The Royal Borough of Greenwich (RBG), located in greater London, is one of a few smart cities pilots in the world that truly paves the way for the future of connected cities. The ambitious regeneration programme overseen by Greenwich Council, including the €6,25 billion development of the Greenwich Peninsula – a whole new district being built in London – offers a unique test bed for innovative smart cities solutions, including the application of new technologies to improve the urban environment, the economy and the delivery of public services.
Smart objectives for a smart city
Today’s challenges for cities are tremendous. A significant growth in population, businesses and visitors, an increased demand for services, and the need to minimise the impact on physical, natural and financial resources must be handled alongside with maintaining economical growth. These issues are at the core of the RGB’s global strategy, with the ultimate aim to “make the city a better place for residents, businesses and visitors”. According to the district’s objectives, in the next 20 years the Royal borough will facilitate development to allow for the creation of an additional 30,000 jobs and 25,000 homes and 40,000 new residents.
Making it a reality: what does it mean to build a smart city?
In concrete terms, making a city “smarter” and more connected means improving existing infrastructures and building new ones for new needs. For example, an infrastructure that supports new ways of delivering health and care services in people’s homes; new ways of linking data sets that allows real-time monitoring and better targeting of services; and new ways of giving citizens and businesses greater control.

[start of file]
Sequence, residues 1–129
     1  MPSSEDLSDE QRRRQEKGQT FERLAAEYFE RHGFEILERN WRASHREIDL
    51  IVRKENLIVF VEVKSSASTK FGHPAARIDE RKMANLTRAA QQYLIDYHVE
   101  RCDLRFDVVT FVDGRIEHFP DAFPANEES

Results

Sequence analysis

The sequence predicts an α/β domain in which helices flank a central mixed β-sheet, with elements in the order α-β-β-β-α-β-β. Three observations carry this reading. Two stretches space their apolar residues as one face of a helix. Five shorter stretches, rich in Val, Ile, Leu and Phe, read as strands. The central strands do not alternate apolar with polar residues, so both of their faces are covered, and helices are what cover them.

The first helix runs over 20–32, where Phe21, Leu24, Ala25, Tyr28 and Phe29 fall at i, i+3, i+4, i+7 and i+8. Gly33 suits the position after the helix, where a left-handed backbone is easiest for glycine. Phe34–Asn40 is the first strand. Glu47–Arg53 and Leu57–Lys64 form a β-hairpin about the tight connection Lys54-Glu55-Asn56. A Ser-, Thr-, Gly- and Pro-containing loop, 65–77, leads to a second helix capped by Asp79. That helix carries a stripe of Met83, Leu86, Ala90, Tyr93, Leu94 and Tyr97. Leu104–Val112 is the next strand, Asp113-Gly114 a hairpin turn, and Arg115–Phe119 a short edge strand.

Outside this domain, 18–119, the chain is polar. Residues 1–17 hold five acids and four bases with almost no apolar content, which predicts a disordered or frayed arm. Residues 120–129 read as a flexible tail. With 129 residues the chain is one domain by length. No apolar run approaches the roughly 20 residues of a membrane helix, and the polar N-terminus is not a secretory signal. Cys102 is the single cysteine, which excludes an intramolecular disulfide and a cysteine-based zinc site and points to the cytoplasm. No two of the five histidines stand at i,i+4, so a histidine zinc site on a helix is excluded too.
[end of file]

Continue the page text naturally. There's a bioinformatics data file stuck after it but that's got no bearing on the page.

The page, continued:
The aim is to implement varied digital infrastructures and open systems that are fit for purpose with minimum barriers that would otherwise hinder access and restrict innovation.
The need for multiple stakeholders to work together
It is clear that to be successful, the vision and implementation towards a smart city requires the participation of many parties, both public and private, but with strong leadership from the city authority. This partnership approach isn’t new for cities. What is relatively new is the involvement, at a strategic level, of the big technology players. But there are many other stakeholders that need to be involved – city businesses, large and small, land owners, developers, public and private sector service providers and not least: citizens. According to the RBG Council, the key in making it a success is to share the same vision amongst stakeholders: digital infrastructure is a means to an end and that end is creating better, smarter cities.
Learn more on the topic at the Connected Conference where the RGB will be speaking at the panel dedicated to Smart Cities.
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